On the windowless west wall under the huge chimney gable, I have shown more restraint. Ceanothus, solanum, roses and tender rarities might have flourished here, but I have planted one fan-trained pear like those I have seen round here on old farmhouses. I do not regret this. A little further on, on the same side, there are windows three-storeys high on the 1920s Arts and Crafts extension. Around these, the rose "Phyllis Bide" and the thrilling pale yellow honeysuckle Lonicera etrusca "Superba" are growing. Through "Phyllis Bide" a plant of cherry-red eccremocarpus twines.
At the back, on the north wall, restraint still rules. The reason for not planting too much here is that this, the oldest part of the house, can be seen from the churchyard and I do not want a lavish twentieth-century planting over the wall to break the spell of unchanged peace that surrounds the church. On the chimney-breast there is a golden ivy, not performing brilliantly due, I suspect, to lack of sun. Outside the kitchen the orange- flowered Lonicera x tellmanniana climbs the drainpipes to spread over the tops of the small windows on the back of the house. A scented Lonicera periclymenum "Belgica" (Early Dutch) would be a bonus here.
The north side of the house is perfect for a collection of honeysuckles. They suit the vernacular style of the building and, in cool shady conditions, rarely succumb to aphids.
On the walls of the gooseberry garden we inherited two roses: "Paul's Lemon Pillar", which will stay, and "Climbing Lady Waterlow", which will go when the fig I have planted needs the space. The walls are south-facing, but so far a bay tree has not made it through the winter intact, in spite of being shrouded in fleece. The secret with all slightly tender wall shrubs is to buy them as large as you can afford, with some ripened wood if possible. A bush of the narrow-leaved myrtle (Mirtus communis var. tarentina) and the lemon verbena (Aloysia triphylla) are protected by fleeces at the end of the autumn as we are over 200 metres up, which is risky. All these doubtfully hardy shrubs also have heavy mulches of bark. The rose "Alister Stella Gray" is able to cope with the winter and so is a bush of Ceanothus "Puget Blue", out of scale with its neighbours, but useful for keeping an early white Alpina clematis out of reach of the mice. "Alberic Barbier", the almost evergreen rose with creamy flowers, has under a metre of wall space before it turns to climb the wooden arbour in the corner where the walls meet, and through it a vine, Vitis vinifera "Fragola", whose grapes taste of strawberries, threads its way.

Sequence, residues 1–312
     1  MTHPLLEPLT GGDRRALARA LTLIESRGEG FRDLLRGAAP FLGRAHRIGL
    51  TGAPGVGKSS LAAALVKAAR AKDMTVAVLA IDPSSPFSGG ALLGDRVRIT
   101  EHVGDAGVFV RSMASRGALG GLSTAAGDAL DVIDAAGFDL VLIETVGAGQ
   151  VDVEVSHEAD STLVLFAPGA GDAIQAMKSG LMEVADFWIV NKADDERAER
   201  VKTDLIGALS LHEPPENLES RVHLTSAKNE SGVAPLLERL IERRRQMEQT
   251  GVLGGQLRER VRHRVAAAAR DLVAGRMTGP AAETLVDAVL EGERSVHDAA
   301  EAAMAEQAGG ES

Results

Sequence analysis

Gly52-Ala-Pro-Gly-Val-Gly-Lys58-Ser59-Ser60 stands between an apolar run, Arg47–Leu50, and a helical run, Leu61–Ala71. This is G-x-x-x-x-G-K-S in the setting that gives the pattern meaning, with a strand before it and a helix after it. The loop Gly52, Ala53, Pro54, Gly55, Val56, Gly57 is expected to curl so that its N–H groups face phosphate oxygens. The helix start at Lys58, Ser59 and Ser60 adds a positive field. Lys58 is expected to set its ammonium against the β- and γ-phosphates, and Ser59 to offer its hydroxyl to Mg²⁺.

On the east-facing wall of the yard, where the cars are parked and people do not linger, huge-scale effects are better than detailed ones. I like the rose "Francis E. Lester," for its apple-blossom flowers. Other old Rambler roses on the yard wall with smaller flowers than "Francis E Lester" are "Adelaide d'Orleans" and "Sanders' White Rambler". On the north-facing wall I have also planted a "New Dawn", which has a much stiffer habit than I like, but it is so dependable, with its shell-pink flowers, that it had to earn a place somewhere.
Below the house, the south-facing sheds to the left of the path that goes down the side of the summer garden are prime sites for climbers. Their scale is small and I have never had quite enough room for everything I want to grow. Nearest the back door is a fan-trained Prunus Mume "Beni- shidori". This is the Japanese apricot which flowers throughout February with bright pink flowers all along its branches. In two years it made three metres of growth. Near it is another plant for winter, Clematis cirrhosa "Freckles". One of the earliest roses, "Climbing Pompon de Paris", with pink tiny flowers, is another neighbour.
I wish I could be more disciplined about climbers, but like all gardeners I cannot always resist the longing to add just one more. Provided they are well-fed and trained, it is possible to grow several in quite a small space to provide a succession of flowers.
Mary Keen, gardening correspondent for the Independent on Sunday, opens The Old Rectory, Duntisbourne Rous, near Daglingworth, Cirencester, Gloucestershire, as part of the National Garden Scheme, 14 October, 10am- 3pm.Reuse content